By Jamie Prince – founder, flourish
“Pivoting” is not a new addition to business vocabulary, but it has, of late, been added to tabletop vernacular as more and more organizations look for ways to help in this time of prolonged crisis at best, and to keep the doors open at worst.
What is pivoting, exactly? The book “The Lean Startup” defines a pivot as “a structured course correction designed to test a new fundamental hypothesis about a product, strategy and engine of growth.” In this unusual time, however, pivoting is not only an important shift in business strategy for young businesses but for all businesses who want to survive during and directly following the stay-at-home economy. Google “pivoting,” and you’ll find yourself awash in stories from major business media, illuminating what others are doing differently in the face of the global shutdown.
According to a survey conducted by Alignable, 37% of small businesses have only enough cash in reserves to stay afloat for a month. Out of necessity, organizations far and wide, small and large, have creatively changed course to mitigate financial stability, to come to the aid of community, and/or to maintain market awareness at a time when traditional promotional tactics would be largely tone deaf.
OCG Products, makers of Tech Candy, is a women-owned business based in Birmingham, Alabama, and sells a suite of products predominantly made in China. Leading into March – as China, followed by the United States, effectively closed for business – co-owners Cherie Stine and April Mraz immediately pivoted. Knowing the ins and outs of how to take a product from design to market, they partnered with a local distillery, and within a couple of weeks were selling out of “Distill” hand sanitizer. Though their fulfillment operations are based in the Midwest, Stine and Mraz are operating this effort directly from their headquarters. OCG’s new hand sanitizer being made in Birmingham will be available for sale next week here in Greenville. Distill will be available for purchase beginning next week at Smoke and Brew’s two local locations (1553 N. Pleasantburg Drive and 1401 Woodruff Road).
“We are working harder and smarter,” commented Stine. “We launched with 2,500 bottles and sold out in two days. Now we are negotiating significantly more bottles and expect this venture to last at least two years.”
Closer to home, Greenville-based nationally lauded Methodical Coffee is keeping up with its customers’ appetite for crafted caffeine beverages, going beyond curbside pickup by instituting home delivery, reformulating a menu that features frozen foods to go and offering up local eggs and milk in addition to half-gallon sizes of their cold brew. Methodical Coffee is even conducting virtual DIY barista classes to capitalize on its audience’s love for coffee, while filling the need for educational content online while at home.
We ourselves, at flourish, anticipating that many small businesses can’t afford to “go dark,” have created special value-priced service packages for both for-profit and not-for-profit organizations that we began announcing last month. I started our firm in 2009, in the Great Recession, so we revisited the tactics that helped our very first clients through that time of hardship and have updated and enhanced them to serve others right now.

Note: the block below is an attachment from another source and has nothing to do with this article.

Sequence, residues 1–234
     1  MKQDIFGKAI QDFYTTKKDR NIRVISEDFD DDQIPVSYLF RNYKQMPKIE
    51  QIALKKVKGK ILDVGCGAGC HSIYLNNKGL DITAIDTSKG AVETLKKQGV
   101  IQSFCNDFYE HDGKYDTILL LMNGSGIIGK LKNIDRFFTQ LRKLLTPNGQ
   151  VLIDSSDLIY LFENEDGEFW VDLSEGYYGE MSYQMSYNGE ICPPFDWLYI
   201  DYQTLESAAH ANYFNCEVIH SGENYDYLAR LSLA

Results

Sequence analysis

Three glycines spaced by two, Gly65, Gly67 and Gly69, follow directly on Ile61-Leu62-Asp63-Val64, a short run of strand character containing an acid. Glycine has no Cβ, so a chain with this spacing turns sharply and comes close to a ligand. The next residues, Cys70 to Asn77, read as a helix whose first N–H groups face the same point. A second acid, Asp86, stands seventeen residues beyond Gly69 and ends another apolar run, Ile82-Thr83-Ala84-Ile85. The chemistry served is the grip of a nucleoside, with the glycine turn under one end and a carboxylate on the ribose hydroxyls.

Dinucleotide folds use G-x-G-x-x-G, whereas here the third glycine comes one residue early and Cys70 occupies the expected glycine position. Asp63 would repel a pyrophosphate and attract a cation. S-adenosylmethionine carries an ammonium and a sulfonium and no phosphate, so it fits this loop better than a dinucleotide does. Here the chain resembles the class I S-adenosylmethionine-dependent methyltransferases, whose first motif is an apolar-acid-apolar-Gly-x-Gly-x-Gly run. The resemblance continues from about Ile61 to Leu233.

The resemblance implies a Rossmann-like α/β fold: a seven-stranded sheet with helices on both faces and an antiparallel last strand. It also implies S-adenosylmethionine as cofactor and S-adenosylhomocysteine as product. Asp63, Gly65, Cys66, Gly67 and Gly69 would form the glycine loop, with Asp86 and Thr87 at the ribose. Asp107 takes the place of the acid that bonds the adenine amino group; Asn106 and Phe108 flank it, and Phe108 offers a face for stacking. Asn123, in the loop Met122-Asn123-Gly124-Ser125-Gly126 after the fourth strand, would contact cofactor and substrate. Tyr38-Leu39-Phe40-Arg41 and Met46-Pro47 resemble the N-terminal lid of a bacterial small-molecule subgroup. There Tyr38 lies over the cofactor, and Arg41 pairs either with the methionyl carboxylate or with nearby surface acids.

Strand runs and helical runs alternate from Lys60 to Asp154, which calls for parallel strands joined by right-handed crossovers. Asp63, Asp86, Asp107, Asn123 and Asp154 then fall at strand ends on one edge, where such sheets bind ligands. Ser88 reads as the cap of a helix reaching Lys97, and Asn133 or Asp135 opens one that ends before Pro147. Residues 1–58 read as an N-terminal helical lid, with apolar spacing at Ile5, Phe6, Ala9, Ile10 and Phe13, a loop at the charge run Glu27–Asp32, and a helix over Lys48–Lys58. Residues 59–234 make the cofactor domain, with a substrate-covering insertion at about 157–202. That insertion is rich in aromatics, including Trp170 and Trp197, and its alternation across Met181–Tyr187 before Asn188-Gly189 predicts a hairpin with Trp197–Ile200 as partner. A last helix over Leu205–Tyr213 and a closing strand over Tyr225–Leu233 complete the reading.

If your leadership team is not discussing how to pivot, you may well be missing a golden opportunity. Here are five considerations to guide you into creative resourcefulness.
- Identify your purpose and lead with it. Now, more than ever, people want to do business with companies that know their purpose. Call out your core values and make them more than just tenets on a sheet of paper. How can you take those and use them for good?
- Make effective digital communicating your business. Now’s the time to capitalize on the following your company has – your sales/email database, social media followers, community of vendors and suppliers – and talk to them simply and transparently. Forget the sales and marketing jargon – those are bygone days now. Focus on being a real person talking to another real person. This will matter more and net much better results.
- Step out of your box and look at your products and services with fresh eyes. As business leaders, we often take for granted our strongest assets because we’re so used to them. Make an effort to identify what you do that can be tweaked to align with today’s needs. Don’t be afraid to manipulate your core business around testing a promising idea.
- Add ideation to everyone’s job description. Some of the best ideas come from outside the C-suite. Involve every level of your staff when it comes to thinking of ways to weather this time and the months ahead. Our team dedicates the first 15 minutes of our Zoom-based team meetings each week to brainstorming on behalf of a client. It’s amazing the collective mindshare that happens when you allow it.
- Partner with like-minded organizations. Consider banding together with other brands during a pivot. Select those who think like you, who share your values and who provide missing pieces that will amplify your chances of traction with your target audience.
Successful pivoting holds at least one key to opening up revenue streams that may take root and be fruitful long after the pandemic wanes.
Jamie Prince is the founder of flourish, an award-winning public relations, marketing and events firm based in Greenville. She can be reached at firstname.lastname@example.org.